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Invokana Lawsuit Claims Diabetes Drug Caused Kidney Failure

diabetesA plaintiff claims that use of diabetes drug Invokana led to kidney failure. The plaintiff only took the medication for two months before she began having life-threatening side effects that forced her to stop taking Invokana and seek medical treatment for her kidney problems.

Judith Buchanan filed her lawsuit on September 16 in U.S. District Court. In the complaint, Buchanan states she took Invokana from January 2015 to March 2015 for the treatment of diabetes. At the time the drug was prescribed, Buchanan was under the impression the drug was not only safe, but would also be more effective in managing her blood sugar levels. However, Buchanan found out later that SGLT2 inhibitor was linked to serious side effects that were not listed on the product label.

Buchanan’s diagnosis of kidney failure just two months after starting the drug left her with “severe and permanent physical and emotional injuries,” according to her complaint. She also suffers with the knowledge that the side effects caused by Invokana may lead to lifelong complications. She continues to require medical care and treatment, which has created economic loss and “loss of enjoyment of life.”

J&J should have known of risks, argues plaintiff

Buchanan further asserts in her lawsuit that the manufacturers of Invokana, Johnson & Johnson and their Janssen subsidiary, should have known about the risks associated with their drug. This drug falls into the category of SGLT2 inhibitors, which work to lower blood sugar levels by the excretion of glucose through the urine. However, the process can put extra strain on the kidneys in patients that are already at higher risk for kidney disease.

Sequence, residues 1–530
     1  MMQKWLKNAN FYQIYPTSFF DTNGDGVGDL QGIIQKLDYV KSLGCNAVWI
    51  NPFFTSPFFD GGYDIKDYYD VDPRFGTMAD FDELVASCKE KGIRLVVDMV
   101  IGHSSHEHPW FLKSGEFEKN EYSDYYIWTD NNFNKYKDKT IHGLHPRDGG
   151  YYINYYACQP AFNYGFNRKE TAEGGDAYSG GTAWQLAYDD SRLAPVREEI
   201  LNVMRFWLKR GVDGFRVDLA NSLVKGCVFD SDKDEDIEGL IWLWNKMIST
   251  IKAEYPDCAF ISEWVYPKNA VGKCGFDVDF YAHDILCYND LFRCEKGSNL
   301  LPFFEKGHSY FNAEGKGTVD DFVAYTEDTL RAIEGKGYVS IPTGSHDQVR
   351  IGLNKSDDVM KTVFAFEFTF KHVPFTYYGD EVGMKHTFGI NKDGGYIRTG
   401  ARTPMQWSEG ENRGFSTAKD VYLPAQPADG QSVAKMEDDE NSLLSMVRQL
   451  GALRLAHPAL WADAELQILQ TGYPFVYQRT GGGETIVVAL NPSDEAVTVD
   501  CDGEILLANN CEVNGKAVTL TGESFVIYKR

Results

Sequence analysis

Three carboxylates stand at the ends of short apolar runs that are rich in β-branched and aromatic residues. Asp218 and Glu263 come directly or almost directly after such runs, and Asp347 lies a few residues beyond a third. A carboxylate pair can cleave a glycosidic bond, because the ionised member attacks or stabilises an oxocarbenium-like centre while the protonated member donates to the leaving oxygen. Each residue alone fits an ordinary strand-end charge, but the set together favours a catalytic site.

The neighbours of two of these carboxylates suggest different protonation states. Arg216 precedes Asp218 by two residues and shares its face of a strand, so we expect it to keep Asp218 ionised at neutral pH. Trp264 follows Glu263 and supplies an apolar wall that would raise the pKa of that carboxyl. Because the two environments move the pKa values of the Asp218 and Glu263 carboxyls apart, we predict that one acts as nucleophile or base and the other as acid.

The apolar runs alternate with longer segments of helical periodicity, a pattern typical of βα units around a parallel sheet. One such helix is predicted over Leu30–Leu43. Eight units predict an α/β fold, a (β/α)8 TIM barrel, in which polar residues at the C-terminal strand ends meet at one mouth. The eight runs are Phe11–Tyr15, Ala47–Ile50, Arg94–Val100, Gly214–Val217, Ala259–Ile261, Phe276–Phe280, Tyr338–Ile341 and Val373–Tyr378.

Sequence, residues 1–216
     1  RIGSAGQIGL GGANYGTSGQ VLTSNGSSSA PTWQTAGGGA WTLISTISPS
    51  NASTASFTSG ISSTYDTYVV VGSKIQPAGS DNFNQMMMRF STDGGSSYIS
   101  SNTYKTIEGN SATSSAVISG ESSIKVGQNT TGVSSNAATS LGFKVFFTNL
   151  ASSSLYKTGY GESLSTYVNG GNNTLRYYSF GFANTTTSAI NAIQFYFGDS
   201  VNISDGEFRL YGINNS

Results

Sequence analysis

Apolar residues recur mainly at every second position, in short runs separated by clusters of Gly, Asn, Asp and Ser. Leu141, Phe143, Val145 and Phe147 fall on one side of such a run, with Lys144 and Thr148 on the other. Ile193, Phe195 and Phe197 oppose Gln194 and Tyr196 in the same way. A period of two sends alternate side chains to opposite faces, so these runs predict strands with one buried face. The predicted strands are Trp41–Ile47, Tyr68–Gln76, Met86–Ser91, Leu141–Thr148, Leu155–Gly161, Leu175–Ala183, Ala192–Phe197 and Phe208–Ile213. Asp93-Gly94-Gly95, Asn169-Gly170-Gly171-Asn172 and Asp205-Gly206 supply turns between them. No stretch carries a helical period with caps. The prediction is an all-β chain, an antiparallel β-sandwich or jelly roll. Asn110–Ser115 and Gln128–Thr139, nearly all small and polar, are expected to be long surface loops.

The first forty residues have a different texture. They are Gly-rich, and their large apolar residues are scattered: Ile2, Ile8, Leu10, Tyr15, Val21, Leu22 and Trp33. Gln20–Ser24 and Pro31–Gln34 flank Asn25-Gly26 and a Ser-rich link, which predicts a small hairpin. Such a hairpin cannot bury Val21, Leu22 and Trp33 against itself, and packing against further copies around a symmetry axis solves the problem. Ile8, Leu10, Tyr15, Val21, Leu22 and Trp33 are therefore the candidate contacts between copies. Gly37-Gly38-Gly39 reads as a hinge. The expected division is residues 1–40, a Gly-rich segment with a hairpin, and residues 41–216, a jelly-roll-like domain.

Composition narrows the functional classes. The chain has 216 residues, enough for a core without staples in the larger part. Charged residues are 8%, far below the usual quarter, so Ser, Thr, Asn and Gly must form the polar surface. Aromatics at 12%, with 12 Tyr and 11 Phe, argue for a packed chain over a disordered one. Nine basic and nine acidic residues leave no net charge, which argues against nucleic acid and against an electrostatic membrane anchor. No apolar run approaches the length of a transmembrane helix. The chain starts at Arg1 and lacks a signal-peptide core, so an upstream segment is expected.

The plaintiff cites statistics from the FDA adverse event database that shows patients taking Invokana are several times more likely to develop kidney damage than patients that do not take SGLT2 inhibitors. In June of this year, the FDA strengthened their warning about the possibility of “acute kidney injury” associated with this drug, based on their adverse event reports.

Though not included in this complaint, a 2015 report from the Institute for Safe Medication Practices (ISMP) also identified 457 serious adverse event reports that included 54 cases of kidney damage or failure. Buchanan states in her complaint that Johnson & Johnson and Janssen clearly knew about the risks associated with Invokana, but failed to warn the medical community or patients about these risks.

Invokana side effects litigation

Although Buchanan is a resident of North Carolina, she filed her Invokana lawsuit in U.S. District Court for the District of New Jersey, Trenton Division, where many other cases are currently pending. A request has been made to coordinate the growing caseload into multidistrict litigation which would streamline early trial proceedings for the convenience of all parties involved.

While some of those lawsuits allege Invokana led to kidney damage like Buchanan’s, others assert that use of the drug caused a serious blood condition known as ketoacidosis. This condition occurs when acid levels build to dangerous levels in the blood, which can be fatal if it is not properly diagnosed and treated quickly. Symptoms of ketoacidosis include abdominal pain, nausea and vomiting, difficulty breathing, and confusion.

  1. FDA, FDA Drug Safety Communication: FDA Strengthens Kidney Warnings for Diabetes Medicines Canagliflozen (Invokana, Invokamet) and Dapagliflozen (Farxiga, Xigduo XR),
  2. Meds News, Invokana Causing Kidney Failure in Patients,
  3. FDA, FDA Drug Safety Communication: FDA Warns that SGLT2 Inhibitors for Diabetes may Result in a Serious Condition of Too Much Acid in the Blood,
  4. Medscape, SGLT2 Inhibitor Diabetes Drugs may Cause Ketoacidosis: FDA,